2020 – CHW
So now the BBC outrage is about care homes and the suggestion that the elderly might not actually be treated in hospital as they have been ‘coerced’ into signing a ‘do not resuscitate form’. We all die of something!
A friend who is incarcerated in France sends me the last but one issue of Private Eye with a good article on this subject. I had already enjoyed it, but last week’s missives are even more to the point. In a drive for the truth rather than BBC hysteria, pleading, demanding and bullying I attach a quote or two. As I have said before Boris and the government are damned if they do (with no thanks at all) and damned if they do not (because it is impossible to move that fast in reality).
When will the BBC run out of new sets of daily victims who must be instantly appeased with cash and action? Is it the intention of the media to totally bankrupt the country? When will common sense prevail?
Here are the Private Eye quotes:
[…] And yet if the government had continued with its “herd immunity” plan (as Donald Trump is doing), 260,000 people could have died with the virus. Some may have died soon of something else, but the headline figure was a little on the high side even for Dominic Cummings, the prime minister’s brain. This sudden surge in demand would crash the health service; hence the decision to crash the economy instead. But could we have stopped the pandemic if we’d got a grip earlier?
A STUDY of the genome of the SARS-CoV-2 published in Nature on 17 March has pinned it not on mad scientists wanting to rule the world, but on bats. It probably crossed to humans in the live animal markets of Wuhan, which are still the perfect storm for transmission.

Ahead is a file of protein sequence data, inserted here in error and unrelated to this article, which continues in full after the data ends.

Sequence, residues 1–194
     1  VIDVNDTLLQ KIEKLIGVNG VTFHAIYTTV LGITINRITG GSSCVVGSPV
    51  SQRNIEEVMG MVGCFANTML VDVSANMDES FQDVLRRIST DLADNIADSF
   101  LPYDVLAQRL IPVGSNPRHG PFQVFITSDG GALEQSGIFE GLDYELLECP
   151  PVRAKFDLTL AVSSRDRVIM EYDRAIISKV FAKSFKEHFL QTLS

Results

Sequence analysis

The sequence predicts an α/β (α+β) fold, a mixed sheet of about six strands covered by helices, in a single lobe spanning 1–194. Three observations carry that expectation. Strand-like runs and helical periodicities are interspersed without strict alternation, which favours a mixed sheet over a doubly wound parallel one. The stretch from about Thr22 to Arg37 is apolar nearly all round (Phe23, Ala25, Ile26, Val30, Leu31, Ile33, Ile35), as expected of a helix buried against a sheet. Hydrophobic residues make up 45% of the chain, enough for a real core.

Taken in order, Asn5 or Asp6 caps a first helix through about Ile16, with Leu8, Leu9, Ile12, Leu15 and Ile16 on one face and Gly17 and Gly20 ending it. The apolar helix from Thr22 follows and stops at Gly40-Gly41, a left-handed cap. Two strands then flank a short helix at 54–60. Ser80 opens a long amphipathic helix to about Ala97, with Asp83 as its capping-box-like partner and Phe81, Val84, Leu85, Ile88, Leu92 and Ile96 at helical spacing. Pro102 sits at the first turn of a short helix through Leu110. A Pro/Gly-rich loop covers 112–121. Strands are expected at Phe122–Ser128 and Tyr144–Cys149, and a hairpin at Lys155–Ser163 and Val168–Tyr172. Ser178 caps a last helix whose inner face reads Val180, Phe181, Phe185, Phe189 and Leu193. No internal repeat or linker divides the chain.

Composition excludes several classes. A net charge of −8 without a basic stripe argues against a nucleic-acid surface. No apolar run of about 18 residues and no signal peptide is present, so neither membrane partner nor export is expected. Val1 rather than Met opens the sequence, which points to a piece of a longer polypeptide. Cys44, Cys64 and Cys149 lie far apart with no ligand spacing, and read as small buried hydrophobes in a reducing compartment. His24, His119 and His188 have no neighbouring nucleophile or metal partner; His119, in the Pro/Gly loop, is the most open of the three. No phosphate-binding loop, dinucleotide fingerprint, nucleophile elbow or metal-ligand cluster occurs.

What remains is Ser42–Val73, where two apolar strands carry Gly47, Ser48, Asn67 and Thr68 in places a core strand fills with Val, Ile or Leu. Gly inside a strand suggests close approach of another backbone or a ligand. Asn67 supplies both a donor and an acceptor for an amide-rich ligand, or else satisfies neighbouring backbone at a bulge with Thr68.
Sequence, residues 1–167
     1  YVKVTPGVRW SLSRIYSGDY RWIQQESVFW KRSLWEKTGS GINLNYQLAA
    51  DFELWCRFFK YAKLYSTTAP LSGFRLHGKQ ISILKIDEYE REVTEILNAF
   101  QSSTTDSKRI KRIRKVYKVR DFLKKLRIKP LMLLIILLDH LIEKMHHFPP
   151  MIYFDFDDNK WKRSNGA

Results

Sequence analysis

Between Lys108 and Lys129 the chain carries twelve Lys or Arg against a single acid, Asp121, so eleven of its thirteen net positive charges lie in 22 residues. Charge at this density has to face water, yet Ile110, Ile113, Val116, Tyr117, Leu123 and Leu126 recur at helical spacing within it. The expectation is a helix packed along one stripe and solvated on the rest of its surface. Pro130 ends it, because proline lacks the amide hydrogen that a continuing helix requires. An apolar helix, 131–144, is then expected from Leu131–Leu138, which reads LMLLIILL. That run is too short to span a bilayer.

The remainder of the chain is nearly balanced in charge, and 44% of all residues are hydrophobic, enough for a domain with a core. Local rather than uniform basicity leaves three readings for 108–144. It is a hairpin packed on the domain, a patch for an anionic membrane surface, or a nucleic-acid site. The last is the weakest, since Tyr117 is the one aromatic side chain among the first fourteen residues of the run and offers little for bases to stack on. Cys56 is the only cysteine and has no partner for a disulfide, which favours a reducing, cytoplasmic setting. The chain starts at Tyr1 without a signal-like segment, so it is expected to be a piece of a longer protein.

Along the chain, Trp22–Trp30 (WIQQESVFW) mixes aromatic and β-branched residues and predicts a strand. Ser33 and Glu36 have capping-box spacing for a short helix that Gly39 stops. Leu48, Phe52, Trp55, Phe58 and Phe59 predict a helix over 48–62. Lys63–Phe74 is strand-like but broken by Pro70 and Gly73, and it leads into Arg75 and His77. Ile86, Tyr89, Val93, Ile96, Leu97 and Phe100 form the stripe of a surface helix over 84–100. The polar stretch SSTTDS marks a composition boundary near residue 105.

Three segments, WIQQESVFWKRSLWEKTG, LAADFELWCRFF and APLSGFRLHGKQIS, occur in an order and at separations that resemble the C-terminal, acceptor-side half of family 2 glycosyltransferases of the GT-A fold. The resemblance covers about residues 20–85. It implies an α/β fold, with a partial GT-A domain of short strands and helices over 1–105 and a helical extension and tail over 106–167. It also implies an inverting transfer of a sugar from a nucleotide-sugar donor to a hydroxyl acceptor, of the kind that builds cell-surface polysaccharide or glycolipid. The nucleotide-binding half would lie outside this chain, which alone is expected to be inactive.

The virus was on the wall in 2003, but unhygienic veterinary, slaughter and husbandry practices, and an illegal global trade in exotic animals for food, have continued unabated. Bats are fortunately a protected species in the UK, even if Waitrose has run out of grouse. Elsewhere, they should only be sold pre-cooked, chlorinated or as part of a ready meal.
The self-employed painters have started work on painting the back yard here and are then starting on the village itself as part of the regular ongoing four to five year repainting cycle on the estate. Inevitably woodwork repairs have to precede painting so the hope is that part of our maintenance team may soon decide to come back to work in isolation.
Lockdown in the garden is not proving that tedious but writing the plant care articles for the website certainly is. Fifty done to date out of about 120 still left to do.
The wind has been in the south for a bit but still no house martins sighted yet.
Rhododendron pseudochrysanthemum just coming out. Wonderful indumentum under the leaves.
2019 – CHW Jaimie has trimmed the laurel hedge to reopen the view of Porthluney Cove to visitors who walk down below the main quarry. We had not noticed how much the laurel had grown until it was pointed out.
Then on to Trevena Cross garden centre to look at the new awning over their shop front entrance. The listed building officer is objecting to our planning application for a new greenhouse add-on to the sales point (ie more sales area under cover at Burncoose) because he says it removes a historic ‘courtyard’. Since when was a muckyard between two old piggeries a historic ‘courtyard’? Instead we could try a similar covering which might not need planning permission?
I was taken with only two new (to me) plants at Trevena although it is a first class garden centre for varied plants. Picea pungens ‘Edith’ and Vinca minor ‘Verino’. They have an amazing range of agave, Protea and succulents and it is a proper plantsman’s garden centre not one of the bland multiples. All credit to a proper family run business who are clearly doing well. They tried mail order, but found it a hassle, so we probably both have our separate business ‘niches’!